Amadeezy has truly earned the title Bass Boss. Whether he’s making slick electro and ghettotech trax on International Chrome and Moveltraxx, throwing down bonkers rave anthems for EVAR Records and Mutual Pleasure or whipping through slick DJ sets from Berlin to LA to Paris, his talent for sculpting low-end is self-evident.
This Filipino-Cuban DJ/producer has been producing since 2008 and DJing a lot longer – in his native Boston, he’s considered a veteran of the underground, known for his long-running trap party PVRPLE as well as exquisitely crafted mixtapes and cult-favorite DJ edits. In 2018, after a decade in the game, Amadeezy decided to legitimately focus on making underground club cuts; the resulting EPs – 2019’s Bass Boss (FTP) and Eastside G-Ride (international Chrome) – became instant international sensations, hitting the airwaves from Boiler Room to NTS and the crates of Ellen Allien, Jensen Interceptor, Stingray, and Boys Noize, who included “Xplosive” in his BBC Radio 1 Essential Mix. And just as soon as the Bass Boss became known as the go-to guy for modern takes on electro-funk and Miami bass, Amadeezy flipped the script completely with a high-octane hard house and gabber release for EVAR Records and a post-modern ghettotech tour de force for Partiboi69’s Mutual Pleasure label.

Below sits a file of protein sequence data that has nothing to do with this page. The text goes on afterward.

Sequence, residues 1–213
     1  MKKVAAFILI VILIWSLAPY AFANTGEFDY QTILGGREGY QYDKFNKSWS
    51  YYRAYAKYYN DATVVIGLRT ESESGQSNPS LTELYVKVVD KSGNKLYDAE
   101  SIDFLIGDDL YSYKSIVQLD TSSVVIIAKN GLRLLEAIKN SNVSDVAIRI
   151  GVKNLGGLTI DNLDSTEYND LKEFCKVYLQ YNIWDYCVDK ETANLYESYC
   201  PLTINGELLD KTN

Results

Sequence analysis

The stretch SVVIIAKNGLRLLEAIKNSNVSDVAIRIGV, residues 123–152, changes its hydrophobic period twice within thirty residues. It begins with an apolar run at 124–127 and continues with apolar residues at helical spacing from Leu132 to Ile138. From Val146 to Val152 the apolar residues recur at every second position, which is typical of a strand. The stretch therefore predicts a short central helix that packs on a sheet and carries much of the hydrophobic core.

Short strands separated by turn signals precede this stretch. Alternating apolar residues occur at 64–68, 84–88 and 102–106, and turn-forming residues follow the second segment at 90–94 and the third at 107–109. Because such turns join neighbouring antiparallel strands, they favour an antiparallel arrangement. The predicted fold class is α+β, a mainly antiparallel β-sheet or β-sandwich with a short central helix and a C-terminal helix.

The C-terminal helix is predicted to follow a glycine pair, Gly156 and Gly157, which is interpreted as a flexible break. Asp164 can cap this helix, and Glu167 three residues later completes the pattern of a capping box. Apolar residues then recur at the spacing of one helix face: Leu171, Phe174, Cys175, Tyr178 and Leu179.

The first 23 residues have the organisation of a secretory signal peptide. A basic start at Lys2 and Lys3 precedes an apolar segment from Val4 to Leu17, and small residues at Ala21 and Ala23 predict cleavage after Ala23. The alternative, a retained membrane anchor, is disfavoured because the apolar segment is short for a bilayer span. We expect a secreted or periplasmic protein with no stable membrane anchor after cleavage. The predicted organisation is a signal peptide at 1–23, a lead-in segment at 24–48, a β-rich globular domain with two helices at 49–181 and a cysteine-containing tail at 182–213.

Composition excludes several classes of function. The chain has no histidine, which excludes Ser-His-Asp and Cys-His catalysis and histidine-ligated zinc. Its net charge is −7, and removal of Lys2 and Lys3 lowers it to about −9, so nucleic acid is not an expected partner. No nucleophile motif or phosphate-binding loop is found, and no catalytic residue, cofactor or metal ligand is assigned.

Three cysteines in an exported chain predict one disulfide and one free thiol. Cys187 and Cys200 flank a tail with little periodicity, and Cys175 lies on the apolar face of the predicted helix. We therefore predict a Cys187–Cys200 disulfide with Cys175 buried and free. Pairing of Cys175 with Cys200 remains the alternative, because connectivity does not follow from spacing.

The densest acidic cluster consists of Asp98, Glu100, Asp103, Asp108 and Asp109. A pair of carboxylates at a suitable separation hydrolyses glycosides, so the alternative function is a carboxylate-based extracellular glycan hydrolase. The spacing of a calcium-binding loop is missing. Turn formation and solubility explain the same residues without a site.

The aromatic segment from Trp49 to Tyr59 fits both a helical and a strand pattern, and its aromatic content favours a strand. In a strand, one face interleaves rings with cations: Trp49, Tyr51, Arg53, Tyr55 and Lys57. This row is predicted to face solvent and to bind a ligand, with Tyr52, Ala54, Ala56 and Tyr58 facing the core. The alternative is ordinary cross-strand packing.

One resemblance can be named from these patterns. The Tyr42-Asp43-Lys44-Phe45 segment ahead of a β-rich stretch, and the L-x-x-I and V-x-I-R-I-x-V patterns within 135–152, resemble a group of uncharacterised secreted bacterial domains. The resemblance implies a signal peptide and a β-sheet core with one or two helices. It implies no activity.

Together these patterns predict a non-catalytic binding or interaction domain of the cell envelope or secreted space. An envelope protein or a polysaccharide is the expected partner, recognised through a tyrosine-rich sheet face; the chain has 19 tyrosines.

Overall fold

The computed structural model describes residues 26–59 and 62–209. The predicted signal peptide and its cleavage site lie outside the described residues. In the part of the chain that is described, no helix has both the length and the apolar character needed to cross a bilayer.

Amadeezy has a talent for sound selection and an innate sense of what works on the dancefloor, approaching each release as a custom curated experience from start to finish. A die-hard rap fiend, hip-hop is infused in Amadeezy’s music no matter what but he also loves rave stabs, big stupid kickdrums, nasty 808s, high tempos, hardcore punk and metal, and summery house music – and he has the arrangement skills, life experience, and deep music knowledge to make it all make sense. You can sense that Amadeezy does this all for fun – the lack of pressure results in absolutely uncontrived club bangers with a unique palette and swagger that hints at a lifetime of wild experiences.
Amadeezy is one of the most unique voices in current American dance music, an iconoclast who says that music has always bailed him out of the toughest spots in life. “I would never want somebody to think I’m just a techno artist or a bass artist or a hip-hop artist,” he says. “I don’t want to be labeled in any way. I’m a vibe.”